Looking at this on another entirely different level, who cares if a player leaves for another team? The coaches I know that consistently win and consistently retain their players, are not “talent is king” coaches. Most of them are confident enough in their coaching ability, that they don’t spend a lot of time fretting over which players are or aren’t on their team. The great ones are going to win, no matter the talent levels they have.
The guys that consistently lose and often times have retention issues are always looking for that next great player that is going to put their team over the hump. These types usually put little value in coaching and often times know deep down that their coaching abilities are weak. The net of it is, none of us in non select youth football ever has all the right pieces to the puzzle. We all have good, average and weak players. We never have the perfect mix, we always have missing pieces or pieces that just don’t fit very well. We make it work, we max out the equation and we usually win most of our games and retain most of our players. We don’t waste time worrying about who is or isn’t on our teams, we develop our coaching skills and max out the group that does want to play for us.
For my personal teams I think I may have lost 1 player to an opposing team in the last 6 seasons. There is another team that practices in the same complex we use and there is another program in the area the kids can play for. If I’ve developed that trust with the player and parent like we talk about in my book and the Chemistry and Character Development program, and we’ve built up those “emotional bank accounts” talked about there, the kids aren’t going anywhere. If the parents can see you care about every player, you aren’t wasting time, you know what you are doing on the practice field, are a good role model and the kids are having fun, they simply don’t leave. If a player does leave, it means we weren’t a good fit for them and their family. Maybe they can’t buy in to our approach that we can teach great fundamentals, have fun, play everyone, be great sports AND win too- that these goals are not mutually exclusive. If they leave, more power to them, we hope they continue to play the game for someone else who may have been a better fit for their needs.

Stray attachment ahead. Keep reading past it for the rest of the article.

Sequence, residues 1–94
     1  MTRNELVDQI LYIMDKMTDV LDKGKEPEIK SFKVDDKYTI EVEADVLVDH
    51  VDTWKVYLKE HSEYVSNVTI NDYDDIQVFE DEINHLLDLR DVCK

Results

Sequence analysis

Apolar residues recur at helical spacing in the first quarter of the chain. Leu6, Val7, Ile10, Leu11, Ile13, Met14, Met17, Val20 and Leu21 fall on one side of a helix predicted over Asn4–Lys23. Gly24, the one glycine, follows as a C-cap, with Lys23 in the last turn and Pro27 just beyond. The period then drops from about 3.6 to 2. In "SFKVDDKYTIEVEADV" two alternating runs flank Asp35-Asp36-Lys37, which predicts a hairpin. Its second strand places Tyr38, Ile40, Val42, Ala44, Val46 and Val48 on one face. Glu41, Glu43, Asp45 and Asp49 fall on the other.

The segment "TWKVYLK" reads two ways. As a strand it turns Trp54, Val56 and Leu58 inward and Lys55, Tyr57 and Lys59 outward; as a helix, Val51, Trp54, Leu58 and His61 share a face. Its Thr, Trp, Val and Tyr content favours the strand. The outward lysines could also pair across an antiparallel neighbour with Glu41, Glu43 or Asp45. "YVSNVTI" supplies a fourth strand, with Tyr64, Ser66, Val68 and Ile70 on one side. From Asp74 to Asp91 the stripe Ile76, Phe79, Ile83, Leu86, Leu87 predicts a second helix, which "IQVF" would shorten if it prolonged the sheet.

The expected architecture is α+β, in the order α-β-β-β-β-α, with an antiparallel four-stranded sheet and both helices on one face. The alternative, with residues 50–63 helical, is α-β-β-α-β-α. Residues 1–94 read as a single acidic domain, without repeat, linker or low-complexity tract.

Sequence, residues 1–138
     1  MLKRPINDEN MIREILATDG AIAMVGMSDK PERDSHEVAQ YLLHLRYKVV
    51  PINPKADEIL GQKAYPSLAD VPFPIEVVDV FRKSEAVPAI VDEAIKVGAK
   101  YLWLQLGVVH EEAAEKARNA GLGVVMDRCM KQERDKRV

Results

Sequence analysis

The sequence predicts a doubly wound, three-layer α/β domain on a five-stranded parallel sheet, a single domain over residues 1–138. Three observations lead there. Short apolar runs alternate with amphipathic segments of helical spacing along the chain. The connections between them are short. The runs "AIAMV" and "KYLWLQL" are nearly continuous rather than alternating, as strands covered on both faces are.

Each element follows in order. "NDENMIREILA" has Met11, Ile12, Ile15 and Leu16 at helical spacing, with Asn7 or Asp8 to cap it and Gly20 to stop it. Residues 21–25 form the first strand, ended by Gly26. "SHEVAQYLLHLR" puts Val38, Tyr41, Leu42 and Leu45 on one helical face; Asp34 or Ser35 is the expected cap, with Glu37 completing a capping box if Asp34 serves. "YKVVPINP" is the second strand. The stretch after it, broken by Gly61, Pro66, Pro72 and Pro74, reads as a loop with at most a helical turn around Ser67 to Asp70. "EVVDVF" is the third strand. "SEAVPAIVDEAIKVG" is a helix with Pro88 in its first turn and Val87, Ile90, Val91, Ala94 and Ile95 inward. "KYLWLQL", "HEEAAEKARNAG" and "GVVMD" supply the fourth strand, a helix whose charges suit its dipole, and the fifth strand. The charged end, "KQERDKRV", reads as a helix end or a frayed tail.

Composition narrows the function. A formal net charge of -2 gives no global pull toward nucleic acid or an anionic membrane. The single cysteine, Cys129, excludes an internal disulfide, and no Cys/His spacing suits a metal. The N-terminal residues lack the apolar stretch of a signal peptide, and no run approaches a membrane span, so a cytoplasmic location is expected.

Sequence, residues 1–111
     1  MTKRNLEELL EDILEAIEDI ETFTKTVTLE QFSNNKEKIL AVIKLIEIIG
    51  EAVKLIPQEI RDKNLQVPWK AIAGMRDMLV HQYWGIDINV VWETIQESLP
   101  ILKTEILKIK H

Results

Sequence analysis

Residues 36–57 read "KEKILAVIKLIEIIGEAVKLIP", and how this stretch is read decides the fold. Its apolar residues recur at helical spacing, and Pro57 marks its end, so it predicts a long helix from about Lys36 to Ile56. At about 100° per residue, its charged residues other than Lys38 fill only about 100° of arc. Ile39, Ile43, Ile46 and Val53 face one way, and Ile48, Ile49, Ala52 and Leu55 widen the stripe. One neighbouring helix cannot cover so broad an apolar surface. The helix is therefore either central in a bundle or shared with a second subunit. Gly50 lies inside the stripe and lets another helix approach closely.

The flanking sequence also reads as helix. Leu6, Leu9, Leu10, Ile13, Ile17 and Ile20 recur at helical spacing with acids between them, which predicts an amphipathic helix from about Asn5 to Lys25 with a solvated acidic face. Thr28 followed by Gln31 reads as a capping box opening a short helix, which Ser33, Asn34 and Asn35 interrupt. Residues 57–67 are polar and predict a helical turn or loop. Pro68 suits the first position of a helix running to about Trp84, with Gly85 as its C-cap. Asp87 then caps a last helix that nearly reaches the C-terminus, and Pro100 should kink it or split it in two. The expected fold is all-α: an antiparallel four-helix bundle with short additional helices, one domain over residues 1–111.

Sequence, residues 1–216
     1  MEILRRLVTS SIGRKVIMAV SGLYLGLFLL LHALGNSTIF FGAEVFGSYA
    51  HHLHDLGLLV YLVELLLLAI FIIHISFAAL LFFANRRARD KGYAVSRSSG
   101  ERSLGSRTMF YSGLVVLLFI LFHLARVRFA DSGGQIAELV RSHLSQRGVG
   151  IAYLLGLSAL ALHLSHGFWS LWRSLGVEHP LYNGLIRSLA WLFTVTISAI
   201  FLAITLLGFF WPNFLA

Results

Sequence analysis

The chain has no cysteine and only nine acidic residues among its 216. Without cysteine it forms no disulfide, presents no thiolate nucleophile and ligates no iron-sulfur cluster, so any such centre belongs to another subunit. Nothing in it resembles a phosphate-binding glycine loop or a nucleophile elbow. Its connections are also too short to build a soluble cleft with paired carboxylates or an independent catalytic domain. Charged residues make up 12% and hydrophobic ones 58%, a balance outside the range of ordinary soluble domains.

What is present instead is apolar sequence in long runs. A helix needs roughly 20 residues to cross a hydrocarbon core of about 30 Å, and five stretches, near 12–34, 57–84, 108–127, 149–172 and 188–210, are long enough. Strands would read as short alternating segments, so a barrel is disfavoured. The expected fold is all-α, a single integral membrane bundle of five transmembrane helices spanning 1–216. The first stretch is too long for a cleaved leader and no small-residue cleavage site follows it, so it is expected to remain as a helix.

Anytime something like this happens, it gives more ammunition to the soccer mom crowd opposed to competitive youth sports, it is their most powerful weapon. Make SURE NOT to hire anyone with a volatile temper. When you see a coach start to lose his composure, talk to him, counsel him and mentor him. Help him understand the bigger picture which is teaching young men to be responsible and productive members of the community. If the coach can’t be reached or fails to understand the larger mission, they don’t deserve to have the title of coach and should be removed from the program.